FAQ: String Methods - Splitting Strings II


This community-built FAQ covers the “Splitting Strings II” exercise from the lesson “String Methods”.

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FAQs on the exercise Splitting Strings II

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The following throws the following error when run in python 3 interpreter:

Exception has occurred: AttributeError

‘tuple’ object has no attribute ‘split’

File "C:\dev\Py-1\Test\string_exercises.py", line 47, in <module> author_names = authors.split(",")
authors = "Audre Lorde,Gabriela Mistral,Jean Toomer,An Qi,Walt Whitman,Shel Silverstein,Carmen Boullosa,Kamala Suraiyya,Langston Hughes,Adrienne Rich,Nikki Giovanni"

author_names = authors.split(',')


author_last_names = []
for name in author_names:


code from the error message:

author_names = authors.split(",")

doesn’t match the code you posted:

author_names = authors.split(',')

the error message says authors is a tuple, if i attempt to run the code:


it goes fine. So not sure what goes wrong


Just a small tip in terms of cleanliness, this can be achieved using a simple list comprehension:

author_last_names = [name.split()[-1] for name in author_names]


For the negative index, what is that mean? author_last_names.append (i.split()[-1])

In the script, I try below, but i still don’t know why and how it works. Please inform. Thank you
if [0] return first name. [-1] or [1] return last name.


we can use negative indexes to access the list from the right hand side, so -1 is the right most element in a list or string:

print ['a', 'b', 'c', 'd'][-1] #output: d

so -2 would give c


I see. Thank you so much


can someone explain what does the [-1] contributes to the code?

author_last_names =
for name in author_names:



-1 get the last element from a list. You use negative values to access the list from the right hand side.

authors = "Audre Lorde, William Carlos Williams, Gabriela Mistral, Jean Toomer, An Qi, Walt Whitman, Shel Silverstein, Carmen Boullosa, Kamala Suraiyya, Langston Hughes, Adrienne Rich, Nikki Giovanni"

author_names = authors.split(",")
author_last_names = []
for i in author_names:
  temp = i.split( )[::-1]


Why doesn’t the -1 reference only the very last letter in the author’s names? Earlier in the lesson, we used -1 to select the very last letter in a string, but here it means the last name entirely. I must be missing something.


If you have a list of names and you get the last name, then you’ll get a name
Your confusion seems to be more about what’s in your list/whateveritis than what -1 as an index means, ie you would see the same difference for index 0 which is a simpler case


Thanks for the quick response! After playing around a little bit, I think I figured it out.

authors = "Audre Lorde, William Carlos Williams, Gabriela Mistral, Jean Toomer, An Qi, Walt Whitman, Shel Silverstein, Carmen Boullosa, Kamala Suraiyya, Langston Hughes, Adrienne Rich, Nikki Giovanni"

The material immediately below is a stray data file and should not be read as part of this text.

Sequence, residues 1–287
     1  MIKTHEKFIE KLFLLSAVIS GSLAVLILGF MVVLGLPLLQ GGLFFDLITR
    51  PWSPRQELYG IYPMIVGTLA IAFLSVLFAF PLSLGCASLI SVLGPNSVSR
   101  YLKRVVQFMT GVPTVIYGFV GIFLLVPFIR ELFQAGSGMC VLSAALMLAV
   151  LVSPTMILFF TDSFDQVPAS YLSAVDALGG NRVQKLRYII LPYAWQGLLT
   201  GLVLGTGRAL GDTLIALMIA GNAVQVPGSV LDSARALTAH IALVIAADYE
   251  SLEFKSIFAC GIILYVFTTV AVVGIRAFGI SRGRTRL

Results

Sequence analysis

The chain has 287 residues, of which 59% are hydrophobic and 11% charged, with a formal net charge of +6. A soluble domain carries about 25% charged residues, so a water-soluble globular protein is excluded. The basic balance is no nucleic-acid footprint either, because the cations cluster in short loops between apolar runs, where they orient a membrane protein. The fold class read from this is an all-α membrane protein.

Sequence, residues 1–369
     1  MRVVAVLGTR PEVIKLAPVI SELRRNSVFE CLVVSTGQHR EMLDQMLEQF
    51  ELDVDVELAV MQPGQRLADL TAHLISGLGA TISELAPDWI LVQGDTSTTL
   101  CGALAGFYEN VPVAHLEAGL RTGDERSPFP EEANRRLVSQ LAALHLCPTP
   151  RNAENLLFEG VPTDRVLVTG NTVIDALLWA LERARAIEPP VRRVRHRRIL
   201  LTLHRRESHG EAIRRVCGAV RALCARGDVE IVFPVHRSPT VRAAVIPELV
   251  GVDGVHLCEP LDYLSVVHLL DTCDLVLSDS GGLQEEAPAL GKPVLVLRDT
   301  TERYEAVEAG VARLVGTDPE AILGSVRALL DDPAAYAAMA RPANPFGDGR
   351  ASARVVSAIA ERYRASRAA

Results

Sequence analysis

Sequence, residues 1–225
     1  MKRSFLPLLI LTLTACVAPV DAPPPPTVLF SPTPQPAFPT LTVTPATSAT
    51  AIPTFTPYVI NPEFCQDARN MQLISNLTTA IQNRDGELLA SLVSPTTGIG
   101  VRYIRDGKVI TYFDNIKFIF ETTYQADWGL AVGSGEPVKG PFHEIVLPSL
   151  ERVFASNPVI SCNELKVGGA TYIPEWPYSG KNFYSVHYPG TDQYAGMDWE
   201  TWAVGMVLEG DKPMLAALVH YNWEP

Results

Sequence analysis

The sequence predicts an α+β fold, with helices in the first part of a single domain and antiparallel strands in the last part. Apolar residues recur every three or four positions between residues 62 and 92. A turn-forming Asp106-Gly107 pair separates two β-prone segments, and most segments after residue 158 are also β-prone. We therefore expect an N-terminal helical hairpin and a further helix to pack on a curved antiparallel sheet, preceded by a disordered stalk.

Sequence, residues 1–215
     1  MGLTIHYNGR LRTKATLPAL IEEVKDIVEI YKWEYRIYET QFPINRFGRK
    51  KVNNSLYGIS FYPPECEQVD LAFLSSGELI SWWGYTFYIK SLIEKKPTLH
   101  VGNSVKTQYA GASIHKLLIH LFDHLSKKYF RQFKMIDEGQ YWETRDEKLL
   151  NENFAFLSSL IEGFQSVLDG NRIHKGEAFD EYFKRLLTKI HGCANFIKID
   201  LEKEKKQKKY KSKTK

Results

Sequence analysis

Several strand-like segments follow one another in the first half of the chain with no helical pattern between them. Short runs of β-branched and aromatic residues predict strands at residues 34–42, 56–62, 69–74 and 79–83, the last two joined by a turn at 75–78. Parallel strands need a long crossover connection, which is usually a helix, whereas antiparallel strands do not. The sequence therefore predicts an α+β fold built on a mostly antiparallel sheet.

author_names = authors.split(", ")


author_last_names = []
for name in author_names:

Those final three print lines helped me distinguish between the different kinds of selection. authors[-1] selects the last letter only, because authors is a single string.


I wouldn’t call them different kinds of selection. You’re asking differently typed values for their value at index -1, and they return some value they think is cool.
You’re asking the same way and they behave the same way. You’re just asking from different things.


Yes, I’m asking for the very last element in those lists in the same way each time,

but an element in the authors list is a single letter, whereas an element in the author_last_names list is the entire last name, correct?

Thanks again!


authors isn’t a list at all, and it’s not really a container either (it’s a bunch of text), but it can produce substrings so it does behave a bit like a container

The elements of a list is whatever you put in it, and the “elements” of a string is … more strings (characters, but there’s no character type).


I said list because early in this lesson, this was written:

A string can be thought of as a list of characters.

Like any other list, each character in a string has an index.]


What they mean or should mean is that they both implement behaviours like iteration, access by index, concatenation, and whatever else.
But you can pretty quickly dismiss the idea that they are or can be thought of as lists if you try to do something that only the other one is capable of. Try to upcase a list. Or try to append to a string.

Many types implement those behaviours, but they won’t implement the same set of behaviours and they won’t necessarily mean the same things due to being different things.


Thank you very much for your clarification. That makes sense. That original tip (“They’re all lists!”) must have confused me slightly.


You can implement these behaviours yourself, for example, iteration and subscription (access by index)

class Derp:
    def __iter__(self):
        for _ in range(5):
            yield 'Meow'

    def __getitem__(self, key):
        return 'received key: {}'.format(key)

myvalue = Derp()  # create a Derp
print(myvalue[3])  # a string saying 3 was the key

for value in myvalue:
    print(value)  # 'Meow' 5 times in total

For python2 the first line should instead be:

class Derp(object):

The main thing to note is that it’s Derp that defines what happens, these things aren’t done to the values, rather it’s asked of them “please do this and that”

It’s also the the main idea in object oriented programming (values which are in charge of the data they contain and the behaviour they have), you can go right ahead and ignore all the other things that nobody really seems to be able to explain why it’s useful but will still say it is.